counterclaim. Respondent, however, was remiss in his duty by deliberately failing
to attend the pre-trial, which caused prejudice to complainant in that it was
declared in default and was assessed for damages. Moreover, while respondent
claimed that he did not proceed with the filing of the petition for review with the
CA because it was already out of time, the records, on the contrary, show that he
was actually granted by the CA an extension of 15 days to file the intended
petition. Only that he did not file the same on purpose notwithstanding his
receipt from complainant of the amount of P1,900.00 as payment for docket fees.
ChanRoblesVirtualawlibrary
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82

In a Resolution8 dated July 17, 2008, the EBP Board of Governors adopted and
approved the recommendation of Commissioner Villanueva-Maala but modified
the period of suspension by increasing it from three months to six months.
Respondent then filed a Motion for Reconsideration, 9which the IBP Board of
Governors
denied
in
a
Resolution10 dated
March
21,
2014.
Hence, the transmission of the whole record of the case to this Court for its final
action.chanroblesvirtuallawlibrary
Our Ruling
We agree with complainant that respondent displayed unprofessional behavior
and
misconduct
and
violated
the
CPR.
Respondent himself admitted that he deliberately did not appear at the
scheduled pre-trial conference in Civil Case No. 3854 despite notice and that he
did not file a petition for review after receiving from his client the payment for
docket fees and after being granted by the CA an extension of time to file the
same. From these facts alone, it cannot be denied that respondent's acts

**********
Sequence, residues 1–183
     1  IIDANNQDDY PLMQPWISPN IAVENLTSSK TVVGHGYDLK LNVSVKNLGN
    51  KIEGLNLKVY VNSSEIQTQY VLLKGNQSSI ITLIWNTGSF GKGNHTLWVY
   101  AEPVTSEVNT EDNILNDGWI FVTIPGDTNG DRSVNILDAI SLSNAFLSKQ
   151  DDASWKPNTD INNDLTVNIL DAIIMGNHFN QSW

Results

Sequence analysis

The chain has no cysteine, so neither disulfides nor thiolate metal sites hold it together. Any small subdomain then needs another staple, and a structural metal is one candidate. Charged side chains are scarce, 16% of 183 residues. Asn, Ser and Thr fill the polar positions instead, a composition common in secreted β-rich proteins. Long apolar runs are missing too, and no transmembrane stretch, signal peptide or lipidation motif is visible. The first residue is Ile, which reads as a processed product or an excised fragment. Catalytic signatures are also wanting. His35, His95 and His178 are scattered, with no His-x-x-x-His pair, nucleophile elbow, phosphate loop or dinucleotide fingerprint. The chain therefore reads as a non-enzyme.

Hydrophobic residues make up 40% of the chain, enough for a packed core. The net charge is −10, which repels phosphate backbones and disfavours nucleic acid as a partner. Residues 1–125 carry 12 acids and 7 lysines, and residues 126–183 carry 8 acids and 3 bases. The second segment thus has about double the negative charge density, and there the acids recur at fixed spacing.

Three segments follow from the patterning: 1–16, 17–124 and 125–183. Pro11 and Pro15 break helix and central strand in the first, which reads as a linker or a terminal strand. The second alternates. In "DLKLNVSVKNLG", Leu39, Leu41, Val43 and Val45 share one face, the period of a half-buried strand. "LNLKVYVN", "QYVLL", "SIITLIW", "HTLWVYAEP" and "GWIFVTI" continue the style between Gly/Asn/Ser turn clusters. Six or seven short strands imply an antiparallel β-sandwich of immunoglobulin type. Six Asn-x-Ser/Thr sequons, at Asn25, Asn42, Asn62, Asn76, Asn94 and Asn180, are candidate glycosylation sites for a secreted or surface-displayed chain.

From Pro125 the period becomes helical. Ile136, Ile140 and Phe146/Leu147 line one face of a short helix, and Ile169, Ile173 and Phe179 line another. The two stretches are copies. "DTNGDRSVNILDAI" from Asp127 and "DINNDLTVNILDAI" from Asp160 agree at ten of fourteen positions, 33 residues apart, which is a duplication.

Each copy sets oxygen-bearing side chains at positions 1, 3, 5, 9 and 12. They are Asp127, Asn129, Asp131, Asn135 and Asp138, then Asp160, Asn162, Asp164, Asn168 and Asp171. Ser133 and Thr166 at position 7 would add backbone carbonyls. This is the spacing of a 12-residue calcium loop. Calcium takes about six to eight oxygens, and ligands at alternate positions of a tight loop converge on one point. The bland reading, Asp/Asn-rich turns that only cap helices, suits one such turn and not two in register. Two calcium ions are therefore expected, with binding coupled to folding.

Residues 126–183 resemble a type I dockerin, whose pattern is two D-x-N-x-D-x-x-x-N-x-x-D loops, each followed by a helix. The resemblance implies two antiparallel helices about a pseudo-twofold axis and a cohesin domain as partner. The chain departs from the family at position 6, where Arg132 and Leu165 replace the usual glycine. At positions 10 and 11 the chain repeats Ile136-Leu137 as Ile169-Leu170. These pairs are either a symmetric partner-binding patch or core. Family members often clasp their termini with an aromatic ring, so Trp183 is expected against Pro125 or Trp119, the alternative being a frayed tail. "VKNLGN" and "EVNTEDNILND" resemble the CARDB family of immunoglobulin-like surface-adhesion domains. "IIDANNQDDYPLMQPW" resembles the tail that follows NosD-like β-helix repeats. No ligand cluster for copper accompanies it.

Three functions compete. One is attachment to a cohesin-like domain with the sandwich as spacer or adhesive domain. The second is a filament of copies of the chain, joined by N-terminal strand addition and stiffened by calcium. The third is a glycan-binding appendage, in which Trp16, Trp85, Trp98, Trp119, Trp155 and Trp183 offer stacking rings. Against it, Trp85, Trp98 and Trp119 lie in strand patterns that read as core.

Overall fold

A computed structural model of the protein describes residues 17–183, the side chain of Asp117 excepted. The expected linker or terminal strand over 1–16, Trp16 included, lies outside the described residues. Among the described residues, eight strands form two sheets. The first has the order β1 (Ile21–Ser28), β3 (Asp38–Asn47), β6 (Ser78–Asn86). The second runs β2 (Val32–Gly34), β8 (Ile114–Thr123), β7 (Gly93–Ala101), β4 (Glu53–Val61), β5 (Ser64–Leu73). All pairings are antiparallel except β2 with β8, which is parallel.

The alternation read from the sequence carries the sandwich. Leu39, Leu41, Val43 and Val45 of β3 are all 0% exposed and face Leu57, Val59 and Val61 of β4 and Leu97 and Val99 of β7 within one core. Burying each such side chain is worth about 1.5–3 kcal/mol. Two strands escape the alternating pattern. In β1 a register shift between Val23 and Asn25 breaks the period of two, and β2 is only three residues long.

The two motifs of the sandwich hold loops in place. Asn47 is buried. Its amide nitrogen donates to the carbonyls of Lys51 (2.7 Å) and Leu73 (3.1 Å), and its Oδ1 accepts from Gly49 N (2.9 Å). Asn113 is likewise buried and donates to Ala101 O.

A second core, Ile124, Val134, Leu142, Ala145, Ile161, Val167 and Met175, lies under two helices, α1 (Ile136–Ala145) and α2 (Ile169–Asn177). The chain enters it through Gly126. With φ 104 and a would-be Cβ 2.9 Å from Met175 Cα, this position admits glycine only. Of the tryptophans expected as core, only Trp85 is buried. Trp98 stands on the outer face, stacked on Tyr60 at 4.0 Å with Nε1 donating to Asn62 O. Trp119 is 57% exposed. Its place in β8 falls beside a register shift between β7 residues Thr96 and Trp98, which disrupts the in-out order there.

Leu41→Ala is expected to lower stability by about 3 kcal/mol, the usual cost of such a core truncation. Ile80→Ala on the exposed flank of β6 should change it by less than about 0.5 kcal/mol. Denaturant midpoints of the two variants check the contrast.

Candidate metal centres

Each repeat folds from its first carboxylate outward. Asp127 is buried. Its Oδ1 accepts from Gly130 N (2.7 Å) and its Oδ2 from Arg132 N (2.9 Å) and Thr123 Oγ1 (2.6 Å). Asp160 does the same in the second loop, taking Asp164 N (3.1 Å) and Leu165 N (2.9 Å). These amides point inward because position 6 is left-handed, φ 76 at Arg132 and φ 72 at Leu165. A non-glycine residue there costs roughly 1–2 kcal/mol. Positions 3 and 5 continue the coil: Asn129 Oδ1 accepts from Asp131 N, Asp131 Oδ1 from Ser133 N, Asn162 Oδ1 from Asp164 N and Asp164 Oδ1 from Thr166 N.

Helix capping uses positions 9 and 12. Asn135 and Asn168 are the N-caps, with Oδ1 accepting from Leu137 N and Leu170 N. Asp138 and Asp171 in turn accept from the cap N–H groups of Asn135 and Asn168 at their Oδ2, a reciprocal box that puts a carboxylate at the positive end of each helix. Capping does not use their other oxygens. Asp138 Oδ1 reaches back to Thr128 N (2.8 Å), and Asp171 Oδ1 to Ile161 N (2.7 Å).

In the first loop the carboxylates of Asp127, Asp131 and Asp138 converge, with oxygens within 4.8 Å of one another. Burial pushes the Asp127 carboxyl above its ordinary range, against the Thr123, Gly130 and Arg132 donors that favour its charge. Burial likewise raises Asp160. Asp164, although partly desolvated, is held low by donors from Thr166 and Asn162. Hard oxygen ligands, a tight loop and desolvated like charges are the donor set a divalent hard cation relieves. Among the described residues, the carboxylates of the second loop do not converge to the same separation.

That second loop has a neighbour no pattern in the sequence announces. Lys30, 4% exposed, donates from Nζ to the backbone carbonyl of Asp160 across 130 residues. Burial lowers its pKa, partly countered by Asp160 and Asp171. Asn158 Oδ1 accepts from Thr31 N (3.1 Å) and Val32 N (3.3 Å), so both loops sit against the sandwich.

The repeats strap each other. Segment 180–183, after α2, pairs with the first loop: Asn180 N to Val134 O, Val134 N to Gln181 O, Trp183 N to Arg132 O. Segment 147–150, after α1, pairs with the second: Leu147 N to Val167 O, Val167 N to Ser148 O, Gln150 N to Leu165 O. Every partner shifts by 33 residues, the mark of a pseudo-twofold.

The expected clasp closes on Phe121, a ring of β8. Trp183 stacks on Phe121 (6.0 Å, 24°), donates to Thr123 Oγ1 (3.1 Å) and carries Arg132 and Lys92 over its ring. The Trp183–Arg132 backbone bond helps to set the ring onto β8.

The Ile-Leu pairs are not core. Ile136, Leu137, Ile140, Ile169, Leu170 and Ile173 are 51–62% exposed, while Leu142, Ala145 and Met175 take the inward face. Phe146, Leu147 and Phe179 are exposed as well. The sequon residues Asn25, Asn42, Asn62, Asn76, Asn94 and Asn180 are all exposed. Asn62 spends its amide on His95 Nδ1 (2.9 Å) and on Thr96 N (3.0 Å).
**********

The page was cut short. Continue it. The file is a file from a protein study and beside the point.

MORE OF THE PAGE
constitute misconduct which at the same time amount to violations of the CPR.
The Court has already held in People v. Sevilleno11 and reiterated in Consolidated
Farms, Inc. v. Atty. Alpon, Jr. 12 that Canon 1813 of the CPR requires every lawyer to
serve his client with utmost dedication, competence and diligence. He must not
neglect a legal matter entrusted to him and his negligence in this regard renders
him
administratively
liable.
As complainant's counsel in Civil Case No. 3854, respondent is duty-bound to
handle the same with zeal and all due diligence. Hence, even assuming that
there is truth to his allegation that he and Pandili already agreed to abandon the
case, he should have still attended the scheduled pre-trial to formally move for its
withdrawal. However, despite his awareness that his absence in the pre-trial
would result to a dismissal of the case with prejudice and to a declaration of his
client's default with respect to Du's counterclaim, respondent still deliberately did
not appear thereat. It is worth noting that at that time, Du had already filed an
Answer with Counterclaim. If respondent was indeed concerned about his client's
cause, he should have, under the circumstances, observed the mandate of
Section Rule 17 of the Rules of Court. It provides:chanRoblesvirtualLawlibrary
RULE 17
Dismissal of Actions
Section 2. Dismissal upon motion of plaintiff - Except as provided in the
preceding section, a complaint shall not be dismissed at the plaintiff's instance
save upon approval of the court and upon such terms and conditions as the court
deems proper. If a counterclaim has been pleaded by a defendant prior to the
service upon him of the plaintiffs motion for dismissal, the dismissal shall be
limited to the complaint. The dismissal shall be without prejudice to the right of
the defendant to prosecute his counterclaim in a separate action unless within
fifteen (15) days from notice of the motion he manifests his preference to have
his counterclaim resolved in the same action. Unless otherwise specified in
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83